The Last Great Evening Star

By Bob Berman
Feb 1, 1996 6:00 AMNov 12, 2019 6:45 AM


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This is Venus’s moment in the sun. Not since 1988 have celestial circumstances conspired to create such a riveting presentation of the evening star. This is the best and brightest Venus we can possibly see.

What makes this year so special? After all, every 19 months, Venus, Earth, and the sun repeat the same alignment with one another. But the tilt of Earth’s axis introduces a little variety into things and dramatically affects Venus’s visibility. That nearest planet is most easily seen when it appears farthest from the sun in the sky, away from the glow of sunrise or sunset. If its greatest separation from the sun happens to occur in the fall, then Earth’s tilt makes the evening star appear inconspicuously low in the sky. But if the same event happens in the spring, the picture is reversed, and Venus floats high in the twilight sky, almost vertically above the sunset; it then doesn’t set for several hours. That’s what makes 1996 a vintage Venus-viewing year.

Even though it’s a treat, this display comes as no surprise. Venus circles the sun 13 times in the time it takes Earth to trace out 8 orbits. So every 8 years there’s an almost exact clone--Earth’s tilt and all--of previous circumstances. Like those unwelcome in-law visits, a bad showing by Venus is doomed to repeat itself over and over. But great ones also replay, like the spectacular 1988 apparition. As in that year, the midwinter evening star is already outstanding at nightfall. (But this time there’s a bonus: on February 1 and 2, Venus nearly touches Saturn, a stunning conjunction.)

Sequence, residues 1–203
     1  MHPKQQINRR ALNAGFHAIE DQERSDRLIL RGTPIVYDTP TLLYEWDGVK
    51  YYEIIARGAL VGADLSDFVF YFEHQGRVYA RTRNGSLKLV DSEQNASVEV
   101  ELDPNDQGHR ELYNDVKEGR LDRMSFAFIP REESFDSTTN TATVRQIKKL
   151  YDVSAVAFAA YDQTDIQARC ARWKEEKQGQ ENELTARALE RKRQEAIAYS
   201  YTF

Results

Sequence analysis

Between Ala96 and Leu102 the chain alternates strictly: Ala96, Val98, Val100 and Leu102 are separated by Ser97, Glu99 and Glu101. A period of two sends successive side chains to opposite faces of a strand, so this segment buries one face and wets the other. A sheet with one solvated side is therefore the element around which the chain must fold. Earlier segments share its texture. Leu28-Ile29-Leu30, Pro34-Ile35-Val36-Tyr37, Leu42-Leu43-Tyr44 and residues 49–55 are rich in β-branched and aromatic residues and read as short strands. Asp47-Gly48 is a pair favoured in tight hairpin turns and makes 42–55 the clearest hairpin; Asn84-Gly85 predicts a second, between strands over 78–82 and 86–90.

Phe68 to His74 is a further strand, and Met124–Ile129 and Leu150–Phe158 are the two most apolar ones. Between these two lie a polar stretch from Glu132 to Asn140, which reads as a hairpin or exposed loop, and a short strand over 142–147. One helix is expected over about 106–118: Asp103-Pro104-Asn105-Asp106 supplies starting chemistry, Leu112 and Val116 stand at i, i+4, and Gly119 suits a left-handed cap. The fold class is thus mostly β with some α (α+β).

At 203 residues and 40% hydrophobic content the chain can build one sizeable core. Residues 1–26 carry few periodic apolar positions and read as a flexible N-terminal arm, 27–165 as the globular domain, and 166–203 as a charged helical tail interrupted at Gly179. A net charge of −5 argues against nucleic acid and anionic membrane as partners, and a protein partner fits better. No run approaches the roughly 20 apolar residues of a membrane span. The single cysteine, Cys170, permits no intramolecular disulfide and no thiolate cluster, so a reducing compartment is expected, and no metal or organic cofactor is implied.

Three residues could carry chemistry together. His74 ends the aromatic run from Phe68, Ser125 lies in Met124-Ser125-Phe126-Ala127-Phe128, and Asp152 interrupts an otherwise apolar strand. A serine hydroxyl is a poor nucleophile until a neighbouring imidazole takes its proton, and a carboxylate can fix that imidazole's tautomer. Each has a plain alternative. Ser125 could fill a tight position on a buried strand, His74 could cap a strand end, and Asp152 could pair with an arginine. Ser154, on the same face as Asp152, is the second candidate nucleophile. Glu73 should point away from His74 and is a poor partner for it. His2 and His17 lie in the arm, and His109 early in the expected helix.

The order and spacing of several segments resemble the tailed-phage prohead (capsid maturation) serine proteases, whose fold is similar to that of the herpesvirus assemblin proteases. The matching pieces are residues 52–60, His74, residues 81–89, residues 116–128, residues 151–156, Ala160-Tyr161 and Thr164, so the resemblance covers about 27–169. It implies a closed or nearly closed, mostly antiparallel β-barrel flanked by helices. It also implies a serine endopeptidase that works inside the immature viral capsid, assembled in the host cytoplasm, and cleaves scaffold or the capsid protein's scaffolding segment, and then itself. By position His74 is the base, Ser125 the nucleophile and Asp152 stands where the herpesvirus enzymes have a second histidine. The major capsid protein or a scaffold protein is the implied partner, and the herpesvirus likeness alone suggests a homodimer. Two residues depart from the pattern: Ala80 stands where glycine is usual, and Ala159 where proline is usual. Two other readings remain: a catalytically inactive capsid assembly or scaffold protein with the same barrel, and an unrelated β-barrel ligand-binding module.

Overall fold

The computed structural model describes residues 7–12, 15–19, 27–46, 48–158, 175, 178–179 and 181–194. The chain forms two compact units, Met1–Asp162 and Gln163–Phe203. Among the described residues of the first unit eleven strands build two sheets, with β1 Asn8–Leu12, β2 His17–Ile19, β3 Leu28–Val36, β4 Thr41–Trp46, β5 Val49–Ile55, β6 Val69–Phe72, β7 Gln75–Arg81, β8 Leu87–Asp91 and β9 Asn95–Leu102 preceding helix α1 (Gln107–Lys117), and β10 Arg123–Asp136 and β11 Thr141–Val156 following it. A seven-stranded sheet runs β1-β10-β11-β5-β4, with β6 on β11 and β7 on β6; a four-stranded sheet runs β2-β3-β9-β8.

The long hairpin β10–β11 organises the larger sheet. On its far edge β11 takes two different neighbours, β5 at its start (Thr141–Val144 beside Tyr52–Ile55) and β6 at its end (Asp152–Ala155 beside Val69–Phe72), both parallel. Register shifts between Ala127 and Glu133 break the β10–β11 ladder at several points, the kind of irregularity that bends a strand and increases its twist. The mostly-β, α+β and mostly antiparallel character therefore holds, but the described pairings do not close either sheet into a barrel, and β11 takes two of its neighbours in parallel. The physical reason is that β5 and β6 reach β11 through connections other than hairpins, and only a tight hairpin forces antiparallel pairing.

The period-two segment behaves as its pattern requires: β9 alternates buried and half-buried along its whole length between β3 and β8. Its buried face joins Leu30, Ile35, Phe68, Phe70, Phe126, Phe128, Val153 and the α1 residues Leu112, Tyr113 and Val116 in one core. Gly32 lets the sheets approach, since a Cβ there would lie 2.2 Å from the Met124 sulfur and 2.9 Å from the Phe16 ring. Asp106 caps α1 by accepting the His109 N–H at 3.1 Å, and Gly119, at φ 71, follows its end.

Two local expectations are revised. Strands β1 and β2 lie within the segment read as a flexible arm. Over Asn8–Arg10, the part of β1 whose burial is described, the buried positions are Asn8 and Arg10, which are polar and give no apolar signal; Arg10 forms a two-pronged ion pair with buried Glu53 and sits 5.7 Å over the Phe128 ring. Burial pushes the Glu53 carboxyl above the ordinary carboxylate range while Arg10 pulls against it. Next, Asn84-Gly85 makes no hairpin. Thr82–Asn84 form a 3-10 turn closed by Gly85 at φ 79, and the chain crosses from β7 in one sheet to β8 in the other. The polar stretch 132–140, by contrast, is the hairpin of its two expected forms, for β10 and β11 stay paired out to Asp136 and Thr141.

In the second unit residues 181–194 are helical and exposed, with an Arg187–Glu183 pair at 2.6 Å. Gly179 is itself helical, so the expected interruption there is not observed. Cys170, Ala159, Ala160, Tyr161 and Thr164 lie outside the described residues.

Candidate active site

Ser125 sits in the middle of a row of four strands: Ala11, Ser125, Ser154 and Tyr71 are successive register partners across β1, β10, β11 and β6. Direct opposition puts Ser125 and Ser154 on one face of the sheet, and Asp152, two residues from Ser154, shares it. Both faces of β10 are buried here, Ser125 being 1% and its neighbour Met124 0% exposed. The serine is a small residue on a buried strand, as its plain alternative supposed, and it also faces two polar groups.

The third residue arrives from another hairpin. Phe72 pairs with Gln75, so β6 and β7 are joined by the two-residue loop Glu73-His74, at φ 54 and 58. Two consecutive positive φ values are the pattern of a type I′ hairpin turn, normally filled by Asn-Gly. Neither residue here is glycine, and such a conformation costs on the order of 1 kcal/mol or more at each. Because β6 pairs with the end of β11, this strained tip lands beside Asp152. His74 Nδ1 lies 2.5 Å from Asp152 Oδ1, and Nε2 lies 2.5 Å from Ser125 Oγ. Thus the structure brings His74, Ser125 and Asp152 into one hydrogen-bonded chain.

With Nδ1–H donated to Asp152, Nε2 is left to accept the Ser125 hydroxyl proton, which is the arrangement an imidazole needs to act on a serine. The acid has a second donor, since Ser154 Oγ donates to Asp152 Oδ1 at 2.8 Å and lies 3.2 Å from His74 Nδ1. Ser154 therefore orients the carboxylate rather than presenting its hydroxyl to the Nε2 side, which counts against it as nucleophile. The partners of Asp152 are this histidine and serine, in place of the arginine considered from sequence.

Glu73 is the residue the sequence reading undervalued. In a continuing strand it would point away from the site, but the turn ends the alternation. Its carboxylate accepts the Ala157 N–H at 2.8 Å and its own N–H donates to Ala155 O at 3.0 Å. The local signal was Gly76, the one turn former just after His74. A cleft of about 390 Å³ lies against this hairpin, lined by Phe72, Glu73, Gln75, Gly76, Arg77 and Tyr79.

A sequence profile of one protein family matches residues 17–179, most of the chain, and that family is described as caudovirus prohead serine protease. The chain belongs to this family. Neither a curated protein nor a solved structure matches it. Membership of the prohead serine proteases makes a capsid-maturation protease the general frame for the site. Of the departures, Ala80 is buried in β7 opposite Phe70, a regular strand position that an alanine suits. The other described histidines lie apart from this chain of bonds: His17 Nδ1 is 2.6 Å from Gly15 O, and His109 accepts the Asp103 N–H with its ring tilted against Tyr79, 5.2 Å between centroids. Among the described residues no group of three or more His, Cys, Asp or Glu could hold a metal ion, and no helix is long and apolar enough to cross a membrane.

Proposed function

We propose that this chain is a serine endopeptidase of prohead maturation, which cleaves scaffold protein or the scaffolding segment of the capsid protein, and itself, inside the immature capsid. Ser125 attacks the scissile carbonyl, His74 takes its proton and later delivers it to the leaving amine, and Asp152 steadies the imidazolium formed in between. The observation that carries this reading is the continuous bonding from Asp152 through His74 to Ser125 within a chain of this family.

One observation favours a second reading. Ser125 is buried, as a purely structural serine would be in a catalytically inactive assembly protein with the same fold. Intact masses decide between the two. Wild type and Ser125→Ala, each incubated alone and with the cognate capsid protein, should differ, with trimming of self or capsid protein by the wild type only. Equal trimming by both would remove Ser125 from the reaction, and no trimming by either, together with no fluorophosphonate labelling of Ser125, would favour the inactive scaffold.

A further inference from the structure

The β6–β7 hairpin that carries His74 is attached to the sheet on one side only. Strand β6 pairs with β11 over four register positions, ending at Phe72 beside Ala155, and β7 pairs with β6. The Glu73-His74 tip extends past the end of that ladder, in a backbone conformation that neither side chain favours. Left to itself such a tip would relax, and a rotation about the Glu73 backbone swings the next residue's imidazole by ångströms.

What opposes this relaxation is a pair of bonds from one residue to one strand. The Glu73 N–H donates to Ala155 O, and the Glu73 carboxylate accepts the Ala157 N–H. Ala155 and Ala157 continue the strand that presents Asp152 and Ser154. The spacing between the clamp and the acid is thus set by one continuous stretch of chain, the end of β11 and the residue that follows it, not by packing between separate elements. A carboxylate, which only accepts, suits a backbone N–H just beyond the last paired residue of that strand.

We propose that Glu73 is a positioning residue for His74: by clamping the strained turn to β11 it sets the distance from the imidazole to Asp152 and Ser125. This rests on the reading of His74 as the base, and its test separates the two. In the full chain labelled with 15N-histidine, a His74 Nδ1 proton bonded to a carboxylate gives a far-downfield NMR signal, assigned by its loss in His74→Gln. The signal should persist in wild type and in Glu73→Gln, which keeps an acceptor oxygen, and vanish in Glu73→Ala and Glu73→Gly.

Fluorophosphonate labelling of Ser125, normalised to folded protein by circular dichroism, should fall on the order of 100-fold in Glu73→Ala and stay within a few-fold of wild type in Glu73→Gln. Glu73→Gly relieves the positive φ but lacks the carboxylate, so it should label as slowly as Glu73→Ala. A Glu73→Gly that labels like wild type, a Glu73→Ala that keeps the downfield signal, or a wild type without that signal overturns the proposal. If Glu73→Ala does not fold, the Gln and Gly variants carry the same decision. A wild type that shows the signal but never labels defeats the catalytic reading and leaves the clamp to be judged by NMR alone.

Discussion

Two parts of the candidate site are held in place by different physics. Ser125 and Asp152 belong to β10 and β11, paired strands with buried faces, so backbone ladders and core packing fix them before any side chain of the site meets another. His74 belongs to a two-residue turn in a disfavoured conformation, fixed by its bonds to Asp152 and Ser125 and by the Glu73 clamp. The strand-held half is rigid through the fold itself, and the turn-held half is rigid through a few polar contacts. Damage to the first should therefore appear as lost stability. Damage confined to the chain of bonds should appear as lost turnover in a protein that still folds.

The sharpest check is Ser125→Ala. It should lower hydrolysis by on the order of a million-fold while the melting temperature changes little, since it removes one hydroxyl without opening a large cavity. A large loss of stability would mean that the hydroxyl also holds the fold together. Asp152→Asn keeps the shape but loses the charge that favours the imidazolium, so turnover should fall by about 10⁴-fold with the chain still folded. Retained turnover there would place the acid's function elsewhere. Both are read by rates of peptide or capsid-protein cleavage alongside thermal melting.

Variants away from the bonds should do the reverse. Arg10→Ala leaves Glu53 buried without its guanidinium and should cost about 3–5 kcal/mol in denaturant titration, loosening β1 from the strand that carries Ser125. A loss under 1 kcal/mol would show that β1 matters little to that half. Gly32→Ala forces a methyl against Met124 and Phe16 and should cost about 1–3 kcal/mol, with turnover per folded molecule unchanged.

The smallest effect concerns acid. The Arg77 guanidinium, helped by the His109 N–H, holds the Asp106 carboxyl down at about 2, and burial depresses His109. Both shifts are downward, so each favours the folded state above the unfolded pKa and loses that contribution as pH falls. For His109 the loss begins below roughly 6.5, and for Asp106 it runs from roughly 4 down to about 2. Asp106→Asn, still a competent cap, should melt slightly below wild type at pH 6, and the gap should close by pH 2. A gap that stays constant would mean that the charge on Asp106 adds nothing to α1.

Then, just as in 1988, it keeps getting higher in the west, and brighter. And--count on it--some police stations and observatories will no doubt experience an increase in UFO reports as citizens stare suspiciously at the odd dazzling light, to which passing clouds sometimes impart illusory motion.

One of the reasons Venus looks so dazzling is that its white clouds of sulfuric acid droplets bounce away 76 percent of the sunlight striking it. That’s just 10 percent less reflective than a mirror. Moreover, sunlight is 4 times more intense when it strikes Venus than when it reaches Mars, and 50 times brighter than when it arrives at Jupiter. So we’re seeing reflections of a more dazzling light to begin with.

All this adds up to the most intense brilliance per unit of size of any solar system object except the sun. As Venus draws ever nearer to us during the next three months, it will double in brilliance, becoming some 600 times brighter than the North Star.

By early May, Venus grows into a large enough crescent to be seen beautifully through ordinary binoculars. Later that month it falls into the twilight; it reaches its most northerly position of the twentieth century on June 1, when it sets as far to the northwest as any person now alive has ever seen it.

Come July our cloud-shrouded neighbor reemerges like Houdini, ascending to a brilliant predawn spectacle since the ideal situation for a perfect evening star (a spring elongation, or farthest separation from the sun) creates the proper geometry for a first-class morning star as well. It’s feast or famine, and this year’s Venus banquet promises to sate us through summer and fall.

Yes, it’s true that you’ll be able to see this fine choreography repeated in 2004, 2012, and so on. But consider: This is Venus’s last great appearance of the second millennium.

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